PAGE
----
by Brian Smith
Four months ago, I was prepared, willing and able to go to Europe and spend a week on tour with the Von Bondies, to do a comprehensive, 6,000-word profile of the band. I was, that is, until the group and/or publicist nixed the idea. VB singer Jason Stollsteimer explained to me that the band really didn’t want to be profiled as such, and that, basically, they are keen to be taken at face value. My argument was, well, the VBs are a compelling subject. Do they have something to hide? What they’ve got going on musically — with a pivotal major-label debut album imminent — is interesting enough to merit a piece that elucidates the personal strengths and weaknesses of a rock ’n’ roll band just finding its legs in the mechanics of the music biz.
OK, so they blew me off.
In any case, the new Von Bondies Sire-released disc, Pawn Shoppe Heart, hits these shores Tuesday, March 9, to be celebrated with a record release show that night at the Stick. But Detroit ain’t exactly paradise for the VBs, whose members aren’t looking forward to the Detroit show. “We’ve had death threats,” Stollsteimer told me last week — fallout, I inferred, from the “rivalry” and alleged pounding he received from his erstwhile booster/mentor, Jack White, in December. “There are obsessed freaks in Detroit. It still sucks here for me. We didn’t even want to do our show on March 9. White says it was self-defense, but the only bruises he had were on his knuckles.”
Well, Jack White’s shaky bonhomie and his celebrated punch-up (also at the Stick) did nothing if not further the Von Bondies’ name recognition. How often does a band with a few thousand records sold get name-checked on CNN? Stollsteimer tells me the Stick fracas helped and hurt. And he’s quick to point out that so far the European response to the record is squelching any White-versus-Stollsteimer yak. The single, “C’mon, C’mon,” did enter the UK charts, landing in the Top 20 earlier this month, and the album moved 11,000 copies in first-week sales there.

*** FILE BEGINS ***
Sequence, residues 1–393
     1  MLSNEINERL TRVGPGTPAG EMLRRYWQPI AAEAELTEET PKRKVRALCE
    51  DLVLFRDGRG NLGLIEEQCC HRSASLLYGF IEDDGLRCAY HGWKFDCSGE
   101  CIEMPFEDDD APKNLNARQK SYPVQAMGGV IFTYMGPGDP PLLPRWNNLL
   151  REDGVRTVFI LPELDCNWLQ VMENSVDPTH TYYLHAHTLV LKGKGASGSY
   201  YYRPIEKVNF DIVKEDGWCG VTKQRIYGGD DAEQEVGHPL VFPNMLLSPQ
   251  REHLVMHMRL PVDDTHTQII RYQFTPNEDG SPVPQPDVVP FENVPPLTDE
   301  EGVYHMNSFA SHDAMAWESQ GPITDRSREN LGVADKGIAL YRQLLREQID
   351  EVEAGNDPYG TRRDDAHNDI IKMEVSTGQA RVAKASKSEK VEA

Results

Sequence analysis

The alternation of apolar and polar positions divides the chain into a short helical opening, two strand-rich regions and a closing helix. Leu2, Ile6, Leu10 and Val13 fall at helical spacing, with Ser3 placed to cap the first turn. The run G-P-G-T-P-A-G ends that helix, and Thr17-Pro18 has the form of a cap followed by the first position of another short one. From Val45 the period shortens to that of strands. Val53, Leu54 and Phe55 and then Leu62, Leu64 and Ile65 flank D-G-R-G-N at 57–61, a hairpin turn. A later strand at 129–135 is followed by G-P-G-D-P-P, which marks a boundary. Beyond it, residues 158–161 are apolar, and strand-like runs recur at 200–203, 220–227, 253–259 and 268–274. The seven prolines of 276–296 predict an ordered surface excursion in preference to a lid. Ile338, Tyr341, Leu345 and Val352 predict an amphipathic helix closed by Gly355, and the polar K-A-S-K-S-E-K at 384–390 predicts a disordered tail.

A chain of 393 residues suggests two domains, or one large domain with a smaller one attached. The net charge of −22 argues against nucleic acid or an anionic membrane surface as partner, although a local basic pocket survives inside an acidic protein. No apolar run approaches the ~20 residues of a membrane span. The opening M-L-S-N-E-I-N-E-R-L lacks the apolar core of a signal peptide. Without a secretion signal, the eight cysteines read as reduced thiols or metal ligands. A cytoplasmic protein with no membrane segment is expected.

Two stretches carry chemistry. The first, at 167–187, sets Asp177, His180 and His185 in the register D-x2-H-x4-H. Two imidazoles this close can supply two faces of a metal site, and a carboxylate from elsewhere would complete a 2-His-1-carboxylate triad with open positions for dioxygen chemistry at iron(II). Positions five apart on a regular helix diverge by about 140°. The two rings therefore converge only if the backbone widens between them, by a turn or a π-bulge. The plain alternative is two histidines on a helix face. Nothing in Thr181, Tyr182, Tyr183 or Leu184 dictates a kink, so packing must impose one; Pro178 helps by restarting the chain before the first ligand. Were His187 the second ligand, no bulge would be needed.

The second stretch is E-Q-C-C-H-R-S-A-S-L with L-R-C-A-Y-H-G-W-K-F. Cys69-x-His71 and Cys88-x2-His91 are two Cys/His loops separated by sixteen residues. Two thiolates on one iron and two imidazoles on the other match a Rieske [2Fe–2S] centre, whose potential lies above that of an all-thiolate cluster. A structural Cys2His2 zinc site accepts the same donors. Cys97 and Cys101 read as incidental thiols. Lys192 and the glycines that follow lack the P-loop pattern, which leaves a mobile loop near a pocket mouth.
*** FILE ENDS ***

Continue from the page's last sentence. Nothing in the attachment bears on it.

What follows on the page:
See, the Von Bondies are now a very consumable package — just look at the new photos: On good genes alone, guitarist/singer Stollsteimer and drummer Don Blum are poised on the plinth of pop stardom; they’re lithe with the attendant cheekbones, sporting tousled hair and perfect skin — they’re now sugary pinup fodder for teen girls. Guitarist Marcie Bolen and bassistCarrie Smith are sirensque in down-dressed glit; sweaty palms for pubescent boys.
What’s more, JT LeRoy — that ex-junkie and son of a prostitute who at 19 wrote the Novel of His Generation in Sarah — who’s now the Warholian It boy for swooned-over Hollywood margin-dwellers (Courtney Love, Liv Tyler, Wynona Ryder, directors Steven Shainborg and Gus Van Sant, etc.) is a huge fan of the Von Bondies.
LeRoy, who happens to be one of my favorite living authors, says he wants to fuck not one or two, but all four members of the Von Bondies. Sheesh, you can’t get a better endorsement (or one with timelier cred) than that. You can’t. Unless you factor in Seymour Stein — the guy who who inked Madonna, Ramones, Dead Boys, Talking Heads and the Smiths — who personally signed the Von Bondies.
Such worthy international flutter renders moot the detectable anti-Von Bondies bias that drifts through certain Detroit circles. Forget the tired outsiderisms of indie hipsterdom, the VBs unabashedly want to sell records. And Pawn Shoppe finds a young band disengaging from the peer-pressure-intensive Detroit garage scene, a band blossoming from timid pups just learning their métier into a rock ’n’ roll band with a chance to sell boatloads of records to American kids.
“We worked so hard to separate ourselves from it [White Stripes],” Stollsteimer says. “We consciously made a decision to try it on our own.”
The White Stripes connection, Stollsteimer says, certainly helped the band in the UK but, he adds, it “didn’t do diddly here.”
The record sounds like a major-label release. And there’s nothing wrong with that. The whole point of making an album in a big studio with a real producer and having it marketed with scads of real money is to get as many sets of ears as possible to perk up and pay attention. There is absolutely no other reason to have anything to do with a major label.